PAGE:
Food Standards: Protesting beef farmers send cheap Irish imports packing to a watery grave

The French approach to agricultural disputes came to Holyhead yesterday. Farmers in North Wales, angry at cheap beef imports from Ireland and the hardships caused by the BSE ban on exports, stopped lorries arriving from the Republic and threw boxes of beefburgers into the harbour. Tony Heath witnessed the carnage.

Irish beefburgers worth pounds 70,000 swilling around in Holyhead harbour yesterdaywere testimony to the anger of Welsh farmers complaining that they were heading for the rocks because of poor livestock prices.

The protest coincided with the publication of Government figures which showed that British farmers' income this year is forecast to be 35 per cent lower than in 1996.

The 40-tonne cargo was stolen when around 600 protesters forced open the doors of one of several Irish lorries arriving in the North Wales port on board the Stenna Explorer. The route from the docks was blocked and the protesters had spiked barriers capable of shredding tyres in reserve.

The Secretary of State for Wales, Ron Davies, and leaders of both the National Farmers' Union and the Farmers' Union of Wales, were swift to condemn the action. Mr Davies sympathised over the plight of beef farmers hit by the strong pound and the export ban resulting from the BSE crisis, but he condemned the Holyhead action. "Anyone who committed a criminal act should be prosecuted," he said.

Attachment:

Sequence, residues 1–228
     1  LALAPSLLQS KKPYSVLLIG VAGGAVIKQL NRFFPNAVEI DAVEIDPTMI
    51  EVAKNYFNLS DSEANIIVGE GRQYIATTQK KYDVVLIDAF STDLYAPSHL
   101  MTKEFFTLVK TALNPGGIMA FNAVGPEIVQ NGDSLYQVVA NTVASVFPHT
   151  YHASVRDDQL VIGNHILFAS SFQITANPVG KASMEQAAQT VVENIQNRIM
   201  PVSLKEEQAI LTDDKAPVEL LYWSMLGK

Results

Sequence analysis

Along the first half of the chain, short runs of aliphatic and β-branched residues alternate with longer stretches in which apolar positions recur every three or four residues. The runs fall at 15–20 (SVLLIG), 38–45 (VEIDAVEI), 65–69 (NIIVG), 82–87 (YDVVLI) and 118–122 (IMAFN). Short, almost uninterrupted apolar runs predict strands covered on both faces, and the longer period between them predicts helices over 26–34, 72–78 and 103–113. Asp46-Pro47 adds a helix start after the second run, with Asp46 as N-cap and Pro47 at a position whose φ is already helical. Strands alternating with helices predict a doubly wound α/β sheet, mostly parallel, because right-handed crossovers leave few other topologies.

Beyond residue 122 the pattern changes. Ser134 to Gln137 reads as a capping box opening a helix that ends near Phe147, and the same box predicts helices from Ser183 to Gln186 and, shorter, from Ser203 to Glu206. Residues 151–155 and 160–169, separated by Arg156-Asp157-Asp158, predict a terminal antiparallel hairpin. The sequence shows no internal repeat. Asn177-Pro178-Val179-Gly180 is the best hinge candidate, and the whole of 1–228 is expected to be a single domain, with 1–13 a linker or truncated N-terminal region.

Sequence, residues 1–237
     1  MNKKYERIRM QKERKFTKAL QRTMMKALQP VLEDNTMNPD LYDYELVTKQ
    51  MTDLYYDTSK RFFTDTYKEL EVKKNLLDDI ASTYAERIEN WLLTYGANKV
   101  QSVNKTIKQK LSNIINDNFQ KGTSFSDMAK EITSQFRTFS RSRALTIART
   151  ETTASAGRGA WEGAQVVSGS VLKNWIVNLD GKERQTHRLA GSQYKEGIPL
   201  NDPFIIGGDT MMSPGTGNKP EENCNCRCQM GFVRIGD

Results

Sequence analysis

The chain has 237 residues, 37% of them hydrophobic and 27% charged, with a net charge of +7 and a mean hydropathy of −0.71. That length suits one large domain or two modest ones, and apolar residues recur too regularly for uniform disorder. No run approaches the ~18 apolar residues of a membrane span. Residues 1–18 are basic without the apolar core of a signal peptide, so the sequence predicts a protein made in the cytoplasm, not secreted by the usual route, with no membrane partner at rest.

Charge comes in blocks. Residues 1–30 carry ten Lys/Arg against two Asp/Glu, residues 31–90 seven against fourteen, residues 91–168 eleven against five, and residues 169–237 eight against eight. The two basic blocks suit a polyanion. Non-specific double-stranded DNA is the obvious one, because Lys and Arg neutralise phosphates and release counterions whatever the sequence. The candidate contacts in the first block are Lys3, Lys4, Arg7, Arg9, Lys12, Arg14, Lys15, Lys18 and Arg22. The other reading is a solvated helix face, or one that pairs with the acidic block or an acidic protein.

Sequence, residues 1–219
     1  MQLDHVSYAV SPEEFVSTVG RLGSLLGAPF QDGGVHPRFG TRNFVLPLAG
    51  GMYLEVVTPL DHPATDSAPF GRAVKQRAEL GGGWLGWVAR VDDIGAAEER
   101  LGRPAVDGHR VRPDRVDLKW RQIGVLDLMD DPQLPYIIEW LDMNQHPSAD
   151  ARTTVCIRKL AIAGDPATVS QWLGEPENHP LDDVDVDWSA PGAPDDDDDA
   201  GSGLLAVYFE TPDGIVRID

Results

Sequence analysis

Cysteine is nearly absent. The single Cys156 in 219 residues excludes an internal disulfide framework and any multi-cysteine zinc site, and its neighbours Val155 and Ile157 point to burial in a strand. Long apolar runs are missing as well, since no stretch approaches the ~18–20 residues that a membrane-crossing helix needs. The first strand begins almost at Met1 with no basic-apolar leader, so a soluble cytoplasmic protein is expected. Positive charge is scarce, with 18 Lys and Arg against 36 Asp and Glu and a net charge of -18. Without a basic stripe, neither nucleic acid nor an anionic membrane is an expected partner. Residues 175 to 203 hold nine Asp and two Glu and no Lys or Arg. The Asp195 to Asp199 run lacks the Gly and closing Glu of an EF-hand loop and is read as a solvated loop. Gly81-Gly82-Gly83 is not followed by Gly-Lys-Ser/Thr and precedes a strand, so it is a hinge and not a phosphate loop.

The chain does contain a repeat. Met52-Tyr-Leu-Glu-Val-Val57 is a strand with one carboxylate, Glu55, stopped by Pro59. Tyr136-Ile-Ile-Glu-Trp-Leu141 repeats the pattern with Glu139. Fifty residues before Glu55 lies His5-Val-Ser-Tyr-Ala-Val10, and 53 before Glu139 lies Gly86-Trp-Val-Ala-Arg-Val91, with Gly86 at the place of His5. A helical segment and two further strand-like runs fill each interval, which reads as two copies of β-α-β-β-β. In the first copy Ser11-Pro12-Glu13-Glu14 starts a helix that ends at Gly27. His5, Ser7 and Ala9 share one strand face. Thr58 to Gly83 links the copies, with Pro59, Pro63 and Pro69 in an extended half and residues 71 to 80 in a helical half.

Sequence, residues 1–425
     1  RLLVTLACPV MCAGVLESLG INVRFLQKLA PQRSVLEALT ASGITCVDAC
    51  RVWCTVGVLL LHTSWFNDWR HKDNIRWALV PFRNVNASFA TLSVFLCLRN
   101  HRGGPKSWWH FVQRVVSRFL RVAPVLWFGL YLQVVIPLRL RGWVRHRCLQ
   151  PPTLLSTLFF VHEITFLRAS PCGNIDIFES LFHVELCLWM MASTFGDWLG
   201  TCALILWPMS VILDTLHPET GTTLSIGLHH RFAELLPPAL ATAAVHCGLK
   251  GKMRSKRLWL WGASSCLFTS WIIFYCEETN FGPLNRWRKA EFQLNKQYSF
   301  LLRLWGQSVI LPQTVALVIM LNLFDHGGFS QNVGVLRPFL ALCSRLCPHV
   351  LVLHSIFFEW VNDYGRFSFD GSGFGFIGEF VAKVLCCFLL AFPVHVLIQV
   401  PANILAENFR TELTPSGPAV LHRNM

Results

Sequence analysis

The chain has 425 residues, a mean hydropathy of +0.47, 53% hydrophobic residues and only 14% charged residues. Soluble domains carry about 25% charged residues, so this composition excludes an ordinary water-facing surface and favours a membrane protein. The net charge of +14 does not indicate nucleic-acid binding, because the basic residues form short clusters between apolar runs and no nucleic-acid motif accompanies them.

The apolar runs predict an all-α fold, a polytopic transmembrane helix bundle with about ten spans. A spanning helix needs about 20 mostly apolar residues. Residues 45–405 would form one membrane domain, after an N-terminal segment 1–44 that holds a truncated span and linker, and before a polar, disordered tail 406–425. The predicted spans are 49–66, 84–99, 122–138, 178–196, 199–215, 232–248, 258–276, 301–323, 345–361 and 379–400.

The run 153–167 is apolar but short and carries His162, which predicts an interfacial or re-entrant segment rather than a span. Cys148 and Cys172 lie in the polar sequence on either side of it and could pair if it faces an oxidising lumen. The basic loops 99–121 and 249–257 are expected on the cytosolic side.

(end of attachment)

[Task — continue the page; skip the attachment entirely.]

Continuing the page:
Bob Parry, president of the FUW, who farms on Anglesey, was appalled. However, he warned: "The government will have to take notice. If they don't, God knows what will happen next time."

Sir David Naish, NFU president, described the events which lasted until daybreak yesterday, as counterproductive. "Threats will not solve the problem," he said.

The actions will not win support in Europe from the Council of Ministers, where talks to end the beef export ban are going on. The Secretary of State for Agriculture, Jack Cunningham, said: "There is no easy pot of gold in Brussels, waiting to be picked up on behalf of farmers. Violence and the destruction of legitimate products will not help to resolve the situation."

Around 20 police officers were at the scene but no arrests were made.The events followed a meeting in the nearby market town of Gaerwen.

When the ferry docked the protesters were ready. They refused to allow through meat lorries but let other freight pass. Lorry drivers approaching the port to embark for Ireland were held by police outside the town. Daniel Hodges, of the Road Haulage Association, said that blockade tactics witnessed in France seemed to be spreading. "The last thing our members need is similar action here," he said.

As if to underline farmers' concerns, Welshpool market - the largest in Wales - yesterday reported the lowest level of business for years with stock being returned to farms unsold. One farmer said: "A year ago I was getting pounds 380 to pounds 420 for an animal. Today I'd be lucky to get pounds 270 for a similar beast."

The protest carries echoes of 1974 when the port of Holyhead and the railway linking it to the national network were both blockaded by farmers protesting at the import of live cattle from the Republic.

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